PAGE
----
Патент USA US3071533код для вставки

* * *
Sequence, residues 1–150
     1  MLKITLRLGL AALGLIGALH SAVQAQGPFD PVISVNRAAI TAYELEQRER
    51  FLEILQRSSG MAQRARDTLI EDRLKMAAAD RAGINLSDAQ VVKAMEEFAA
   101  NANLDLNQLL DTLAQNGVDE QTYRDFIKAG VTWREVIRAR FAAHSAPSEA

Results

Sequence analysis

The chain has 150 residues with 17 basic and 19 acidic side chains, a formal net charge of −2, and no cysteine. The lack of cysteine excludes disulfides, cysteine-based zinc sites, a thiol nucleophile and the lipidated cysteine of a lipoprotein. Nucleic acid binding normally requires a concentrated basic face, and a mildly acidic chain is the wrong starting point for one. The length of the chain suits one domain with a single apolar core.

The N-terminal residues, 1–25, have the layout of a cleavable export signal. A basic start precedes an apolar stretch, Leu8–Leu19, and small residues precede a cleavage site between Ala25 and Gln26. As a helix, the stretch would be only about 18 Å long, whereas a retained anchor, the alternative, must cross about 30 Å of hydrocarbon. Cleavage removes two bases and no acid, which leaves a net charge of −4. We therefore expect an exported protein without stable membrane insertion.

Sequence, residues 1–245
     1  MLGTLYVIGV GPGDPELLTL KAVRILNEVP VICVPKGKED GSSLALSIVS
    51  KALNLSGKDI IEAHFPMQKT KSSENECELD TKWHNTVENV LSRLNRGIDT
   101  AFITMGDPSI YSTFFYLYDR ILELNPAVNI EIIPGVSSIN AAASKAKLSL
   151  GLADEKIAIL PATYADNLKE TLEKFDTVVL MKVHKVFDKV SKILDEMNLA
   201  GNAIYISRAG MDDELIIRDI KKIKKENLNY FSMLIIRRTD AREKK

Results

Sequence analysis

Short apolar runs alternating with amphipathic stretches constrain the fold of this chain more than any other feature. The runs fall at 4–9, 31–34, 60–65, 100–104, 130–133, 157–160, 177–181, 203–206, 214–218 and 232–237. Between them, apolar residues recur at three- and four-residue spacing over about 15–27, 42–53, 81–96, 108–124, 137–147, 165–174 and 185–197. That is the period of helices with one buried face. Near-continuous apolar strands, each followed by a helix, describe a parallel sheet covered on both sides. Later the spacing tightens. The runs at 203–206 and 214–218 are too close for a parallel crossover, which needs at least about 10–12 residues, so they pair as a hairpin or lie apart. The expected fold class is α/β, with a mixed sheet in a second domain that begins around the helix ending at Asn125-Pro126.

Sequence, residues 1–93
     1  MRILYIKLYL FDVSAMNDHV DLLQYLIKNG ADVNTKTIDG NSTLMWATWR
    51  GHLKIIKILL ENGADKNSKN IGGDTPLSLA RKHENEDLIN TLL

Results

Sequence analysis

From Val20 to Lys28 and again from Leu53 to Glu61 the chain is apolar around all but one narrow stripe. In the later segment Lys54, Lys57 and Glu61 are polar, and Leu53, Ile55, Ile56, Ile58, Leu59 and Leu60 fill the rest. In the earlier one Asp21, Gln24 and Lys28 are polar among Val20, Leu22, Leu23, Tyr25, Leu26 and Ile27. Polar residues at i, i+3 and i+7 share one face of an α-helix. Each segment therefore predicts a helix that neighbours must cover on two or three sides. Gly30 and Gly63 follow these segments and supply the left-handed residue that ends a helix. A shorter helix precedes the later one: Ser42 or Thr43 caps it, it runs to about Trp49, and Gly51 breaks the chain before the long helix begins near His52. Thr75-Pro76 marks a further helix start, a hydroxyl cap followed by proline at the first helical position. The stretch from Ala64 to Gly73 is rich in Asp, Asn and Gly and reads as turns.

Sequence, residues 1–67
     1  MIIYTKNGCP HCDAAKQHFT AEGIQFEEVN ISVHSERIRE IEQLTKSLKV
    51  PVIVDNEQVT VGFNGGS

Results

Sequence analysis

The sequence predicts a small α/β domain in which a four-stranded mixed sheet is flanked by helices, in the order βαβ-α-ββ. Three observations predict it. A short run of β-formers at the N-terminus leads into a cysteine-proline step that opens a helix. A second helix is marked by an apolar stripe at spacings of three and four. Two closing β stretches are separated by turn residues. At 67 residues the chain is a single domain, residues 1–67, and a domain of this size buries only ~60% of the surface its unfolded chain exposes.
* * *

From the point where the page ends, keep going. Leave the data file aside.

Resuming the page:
Jan. 1, 1963 J. B. ZADRA ETAL 3,071,523 METHOD FOR ELECTROWINNING MOLYBDENUM FROM MOLTEN ELECTROLYTES Filed Feb. 6, 1961 2/ INVENTORS JOHN B. ZADRA HÂROLD J HE?NE?V JOHN M. GOMES BY (EM Ö. ÇM W WORNEYS ”iee &071523 Fatentecl Jan. i, 1953 2 such as molybdenum oxide, with a mixture of alkali or alkaline earth metal pyrophosphates, borates and halides 34371523 METHOD FOR ELECTROWINNIN G MOLYBDE NUM FRGM MOLTEN ELECTROLYTES in 'a crucible. Passage of a direct current of proper our- rent density therethrough results in the deposition of high John B. Zadra, Harold J. Heinen, and John M. Gomes, CT ?purity crystalline molybdenum on the cathode. Reno, Nev., assignors to the United States of America While the exact theoretical explanation for the success as represented by the Secretary of the Interior ful production of molybdenum is not known at present, Filed Feb. 6, 1961, Ser. No. 87,502 it `Would appear to be due to the particular electrolyte 6 Claims. (Ci. 204-64) employed. The essential Components of the electrolyte (Granted under Title 35, U.S. Code (1952), sec. 266) li) are a molybdenum compound, a pyrophosphate 'and .a The invention herein described and claimed may be manufactured and used ?by or for the Government of the United States of America for government-al purposes without the payment of royalties vthereon or therefor. The present invention relates to the production of pure molybdenum in massive form by the electrolysis of ia fused electrolyte. Currently, the most important commercial procedure for producing molybdenum metal is by the hydrogen re duction of high purity molybdic oxide or ammonium molybdate in an electric furnace. Molybdenum powder produced thereby contains approximately 0.25 to 0.30 percent oxygen. It is then converted to massive metal and reduced in oxygen content vby sintering in a hydro gen atmosphere, or by are melting. These methods are costly, and in addition, -are accompanied by excessive fume losses and other technical dif?cultíes. As shown in Bureau of Mínes Information Circular 7723 by Campbell and Jones, issued July 1955, entitled “A Survey of the Literature on the Electrodeposition of Molybdenum,” it has been proposed to electrodeposit molybdenum from many aqueous or fused salt electro lytic systems. Substantially all of the methods disclosed sutfer from the serious disadvantage that the metal de posits are extremely thin and are usually contaminated : with the lower oxides and hydroxides of the molybdenum. The Senderoif and Brenner Patent 2,715,093 describes halide. Molybdic oxide MoOa is usually the most con venient molybdenum compound to use. However, other molylbdenum compounds may be employed, such as the molybdenum chloride for example. The purity of the compound is not signi?cant in this process, and in fact one of the advantages claimed is that impure molyb denum compounds may be employed. Sodium pyrophosphaite is the most readily obta?'nable pyrophosphate, and is therefore .the one ordinarily used. Similarly, sodiurn chloride is the chloride usually em pioyed. However, the sodiurn in these compounds may be replaced by lithium, potassium, rubidium, cesiurn, calcium, -barium, or strontium, and the halogen in the halide may be ñuorine, bromine, or iodine, as well as chlorine. The addition of sodium tetraboraite to the elec trolyte makes'the ratio of sodium chloride to sodium py rophosphate less critical for the production of molyb denum essentially free of phosphorus. The sodíurn tet raborate also facilitates the ñuxing of silicious impurities that may be present in the molybdenum compounds ern ployed. Sodium metaborate may be substituted for the tetraborate, and the sodium may be replaced by other -alkalí metals. In percent, the molybdenum content of the electrolyte may range from 2.0 to 15.0; pyrophosphate from 15 to However, this 85; tetraborate from 0 to 60; and halide from 15 to 85. The preferred ranges are: Molybdenum 4 to 8; pyro phosphate 30 to 50; tetraborate O to 20; and halide 30 to SO. All the foregoing and subsequent percentages re process requires rigid reaction conditions and control, such as special high purity alkali metal hexahalomolyb fer to percent by weight. The following table lists four compositions, having date, inert atmosphere and the exclusion of all traces of oxygen and moisture, resulting necessaríly in a relatively high cost process. Components within the -above ranges, found satisfactory in the process: TABLE 1 the formation of massive molybdenum 'by electrolysis of a fused bath of a salt such as K3MoCls. Patent 2,960,4S 1, issued November 15, 1960 to Slatin, recites the production of molybdenum by the electrolysis of a CaC12-CaO-Mo03 electrolyte. The presence of -al kali metal compounds is stated by the patentee to be harmful. Also, MoO3 is stated as not being as compat ible with his CaCIZ-CaO bath as WO3 (col. 6, line 61). . It is the main object of this invention to provide -a simple, practical method for electrowinning high purity molybdenum from its compounds. A further object of this invention is to produce high purity molybdenum from its impure compounds by fused salt electrolysis in an open cell under atmospheric pres MoOs Na4P2O7 NagBioç NaBOz Eutectic of NaCl-NaF H NFPW menus› The temperature of the electrowinning reaction may range from 800° to l200° C. A preferred range is from 950° C. to 1050° C., at which the bath is very ?uid. Lower temperatures result in electrodeposits consisting largely of molybdenum dioxide and a phosphorus con A further object of this invention is to produce high taining compound, presumably a phosphide, with little, purity molybdenum metal substantially free from oxygen if any, crystals of metallic molybdenurn. and phosphorus. 60 Current density on the cathode may range from 20 A 'still further object of the invention is to produce to 280 amperes per square decirneter (a./dm.2), based on massive deposits of pure crystalline molybdenum metal. the original dimensions of the electrode. Since the cath A further object of this invention is to provide a meth sures. od for the electrolytic recovery of molybdenum from a ode 'surface area changes during the electrolysis, the ac molybdenum in a fused salt electrolytic process. density on the `anode is not critical, and is determined by denum electrolyte by fusing a molybdenum compound over the whole range. tual current density during operation is diñicult to de bath containing sodium. 65 termine. However, that based on the original dimen A further object of this invention is to provide for ef sions is adequate for the present purposes. The current ?cient spacíng of the electrodes to produce highpurity its surface area once the current density of the cathodc Further objects and advantages will become appa?'ent is selected. from the rest of the speci?cation. 70 Current e?iciencies of around 90 percent are obtained In brief, our method consists in making a molyb In general, this factor appears to a,a71,523 'Ë have less in?uence on the results achieved than either bath temperature or composition of the electrolyte. 4. from. This shows the high purity of the product ob tained. FEG. l illustrates a cross-sectional View of the electro TABLE 2 lytic cell showing crucible l, furnace 2, graphite block 3 and cathode 4. The electrolytic cell or crucible may be made of graphite MoOa feed, percent Element silicon nitride or silieon carbide. However, the preferred material of Construction is graphite. Usually the graphite cell is made the anode. The cathode may be made of any suitable material, such as iron, molybdenum or carbon. Graphite is very Satis factory for the purpose. Any material that is not attacked may be employed as the anode in electro-Winning. In the following example the graphite electrolysis cell was em~ ployed as the anode. Although an all-graphite cell is used, carbon contamina tion of the electrodeposited molybdenum may be prac tically eliminated by a proper spacing of the electrodes, use of optimurn coneentration of molybdenum for the particular electrolyte employed, and by the hydraulic 0.08 (1) .07 . 00075-0. 0025 .05 .90 404 .00075- .0025 (1) Electrowon molybdenum, perserit <0. 001 . 00075-0. 0025 .00075- . 0025 <. 001 <.001 . 00075- .0025 <.001 0025 - .0075 - .05 .OS <.001 1. 73 <.05 (I) (1) 034 .066 i Not determined. A comparison of molybdenum produced by the instant process with commercially available hydrogen reduced classiñcation or washing of the processed crystalline metal. molybdenum powder is given in Table 3. For example, an electrolyte of the second composition in Table l, contains molybdenum within the optin?um TABLE 3 range for excellent over-all electrolytic performance. A Analysis of Feed Material and Electrolyt?'c Molybdenum 25 l-inch diameter graphite cathode was centrally positioned in a 3-inch diameter graphite cell and lowered in the bath to within two inches from the bottom of the cell. The P?'od??ced Therefrom and Compamz?'ve Analysis of Hydi'ogen Redz?ced Molybdenum Powder resulting electrowon molybdenum metal averaged 0.01 percent carbon. in other runs carbon contamination was 30 lowered to 20 parts per million. Elements The following example illustrates one speci?c embodi ment of the method, and the invention is not to be con strued as being limited thereto. Feed Material percent Hydrogen Eleetrolytic Reduced, C.P. Molybdenum Molybdenum percent Powder, percent A graphite crucible 7 inches deep and 3 inches inside diameter preheated to a temperature of about 750° C., about the melting point of the mixture and then charged with 900 grams of a salt-molybdic oXide electrolyte mix~ ture consisting of 41.6% sodium pyrophosphate, 333% sodium chloride, 16.7% sodium tetraborate, and &4% molybdic trioxide. The crucible, open to the atmosphere, was placed in a vfurnace under atmospheric pressure and connected to the positive terminal or' a DC. power source to serve as the anode. After heating for about 30 min utes at a selected temperature of between 950° to l050° C. to stabilize the conditions, a graphite cathode 1 inch in diameter, connected to the negative terminal of the D.C. power source, was centrally positioned and lowered into the molten bath to within 1% to 2 inches from the bottom of the cell and electrolysis was started. Proper spacing of 50 the cathode in the cell is important in order to eliminate codeposition of crystalline MoO2 and to prevent short circuiting. It has been found that the spacíng between 1 Not determined. From the table, it can be seen that electrolytic molyb denum compares favorably with commercial hydrogen reduced molybdenum. A portion of each of the two the immersed tip of the cathode and the bottom of the cell must be greater than 1% inches because of the down 55 metals are melted into ingots and tested for hardness. The. ward crystal growth of the molybdenum up to one inch Vickers hardness number (VHN) for electrolytic mo~ beyond the cathode tip. A shorter spacing than 1% lybdenum was 186 as Compared to 170-172 for the inches usually .results in some codeposition of crystalliue commercial molybdenum metal. This is believed at MoOz. Current density on the cathode was maintained tributable to the phosphorus content in the metal. Sub-‹ at between 80 and 90 a./clm.2 and the bath temperatura 60 sequent experiments have produced phosphorus free, was about 1000° C. Two hours of current passage Wás metals by a more careful control of conditions. required to complete the electrolysis. Various modi?cations of the process may be made' The cathode was then removed from the bath, allowed within the scope of the invention, as de?ned by the fol to cool in the air, and then immersed in water. Adhering lowing claims. solidi?ed electrolyte dissolved in the water and was re 65 We claim: moved from the deposited metal. The molybdenum metal 1. A process for obtaining massive molybdenum which was then removed from the cathode and further treated comprises: fusing a mixture of about 41.6% sodium with boiling dilute hydrochloric acid to dissolve any adher_ pyrophosphate, about 333% sodium chloride, about ing calcium or phosphate compounds. After water wash 16.7% sodium tetraborate, and about &4% molybdic tri ing to remove the acid, ultra ?ne particles of carbon de 70 oxide to form an electrolyte bath, heating the electrolyte rived from the electrodes were removed by hydraulic to a temperature of from about 950° C. to about 1050° classi?cation, leaving high purity dendritic crystals of mo C., electrolyzing the said electrolyte at a current density lybdenum metal. on the cathode of from 20 a./dm.2 to about 280 a./dm.2. The following table gives a comparative analysis of the 2. ,The method of claim 1, whereín the temperature of Mo03 feed and the molybdenum metal produced there 75 the bath is about 1000° C. and the current density on 3,o71,523 6 Ll the cathode is between about 80 a./dm.2 to about 90 a./dm.2. 3. A process for obtaining massive molybdenum which comprises: fusing a mixture of a molybdenum compound, a metal pyrophosphate, a metal tetraborate, and a metal halide, said metal being a member of the class consisting of lithium, sodium, potassium, rubidium, cesium, calcium, 6. A process for obtaining massive molybdenum which comprises: fusing a mixture of molybdenum oxide, sodi~ um pyrophosphate, sodium tetraborate and sodium chlo ride to form an electrolyte bath, heating the said elec trolyte to a temperature of from about 950° C. to about 1050° C. and electrolyzíng the electrolyte at a current density on the cathode of from about 20 a./dm.2 to about 280 a./dm.2, the amount of the molybdenum oxide being barium, and strontium, in a vessel serving as an anode to su?âcient to provide a bath containing about 2 to 15% form an electrolyte bath, heating the said electrolyte to a temperature of from about 950° C. to about 1050° C., 10 of molybdenum. inserting a cathode rod in the said bath, and electrolyzing References Cšted in the ?le of this patent the electrolyte while maintaining the lower end of the said cathode rod a minimum distance of about 1% inches from UNITED STATES PATENTS the bottom of the anode vessel, the amount of said mo 2,554,527 Fink et al. __________ __ May 29, 1951 lybdenum compound being su?icient to provide a bath con 15 taining about 2 to 15% of molybdenum. FOREIGN PATENTS 4. An electrolyte for producing molybdenum metal by electrolysis consisting of the product obtained by fusing 203,614 together a mixture of a molybdenum compound, a metal pyrophosphate, a metal tetraborate, and a metal halide, 20 `said metal being a member of the class consisting of Leo et al.: Transactíons of the Electro-Chemical So Australia ____________ __ Sept. 13, 1956 OTHER REFERENCES ciety, Volume 66, pages 461, 469 (1934). lithium, sodium, potassium, rubidium, cesium, calcium, Fink et al.: “The Electro Chemical Society,” Preprint barium, and strontium, the amount of said molybdenum 84-20, October 14, 1943, pages 197-226. compound being su?'icient to provide a bath containing 25 Pink et al.: “Chem. Trade Journal and Chemical En about 2 to 15% of molybdenum. gineer,” January 14, 1944, pages 33-34. 5. An electrolyte for producing molybdenum metal by Bureau of Mines, Report No. 5554, “Electrowinning electrolysis consisting of the product obtained by fusing Tungsten and Associated Molybdenum From Scheelite," together a mixture of about 416% sodium py?rophosphate, Zadra et al. (1959). about 333% sodium chloride, about 16.7% sodium tetra 30 borate, and about &4% molybdic trioxide.